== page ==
Date of Degree
PhD (Doctor of Philosophy)
James G. Enloe
The transition from a hunting and gathering to a farming lifestyle is an important historical and archaeological topic. In the U.S. Southwest specifically, the Basketmaker II (BM II) time period (1500 B.C. to A.D. 500) marks the entrance of maize-based agriculture into the region. Most attention regarding the BM II diet has thus focused on the use of domesticated plant resources, while the economic importance of wild animals has been less systematically studied. This project seeks to redress this imbalance by synthesizing the faunal data from 31 BM II sites to investigate how BM II communities across the northern Southwest utilized wild animal resources. Most specifically, this project will look at how the diet of the region's first farmers varied over time and across space, considering how environmental change, population density, and length of site occupation may have impacted these patterns.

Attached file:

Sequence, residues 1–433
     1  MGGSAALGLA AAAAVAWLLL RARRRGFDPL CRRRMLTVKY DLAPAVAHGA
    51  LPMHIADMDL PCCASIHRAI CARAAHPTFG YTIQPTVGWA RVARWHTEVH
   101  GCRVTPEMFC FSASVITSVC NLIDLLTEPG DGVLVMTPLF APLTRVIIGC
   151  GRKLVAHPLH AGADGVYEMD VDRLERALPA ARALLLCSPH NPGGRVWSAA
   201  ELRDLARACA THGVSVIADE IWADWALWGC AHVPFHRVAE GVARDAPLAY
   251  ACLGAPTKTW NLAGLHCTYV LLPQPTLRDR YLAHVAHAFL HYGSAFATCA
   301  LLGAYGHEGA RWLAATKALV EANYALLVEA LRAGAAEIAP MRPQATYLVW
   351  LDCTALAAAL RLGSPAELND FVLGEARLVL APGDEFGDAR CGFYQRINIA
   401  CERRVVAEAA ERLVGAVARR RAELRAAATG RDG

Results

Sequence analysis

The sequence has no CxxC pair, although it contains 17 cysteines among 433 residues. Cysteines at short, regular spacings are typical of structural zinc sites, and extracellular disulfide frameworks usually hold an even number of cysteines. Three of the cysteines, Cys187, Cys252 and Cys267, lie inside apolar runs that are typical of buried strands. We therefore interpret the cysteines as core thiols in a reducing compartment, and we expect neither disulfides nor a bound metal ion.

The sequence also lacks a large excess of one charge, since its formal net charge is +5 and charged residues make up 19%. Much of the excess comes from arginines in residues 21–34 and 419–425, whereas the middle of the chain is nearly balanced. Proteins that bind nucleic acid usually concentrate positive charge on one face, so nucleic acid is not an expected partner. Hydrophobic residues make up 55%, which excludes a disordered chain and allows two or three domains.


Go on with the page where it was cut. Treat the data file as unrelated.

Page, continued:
Agriculture, Basketmaker, Southwest, Zooarchaeology
xxii, 372 pages
Includes bibliographical references (pages 321-372).
Copyright 2012 Cerisa R. Reynolds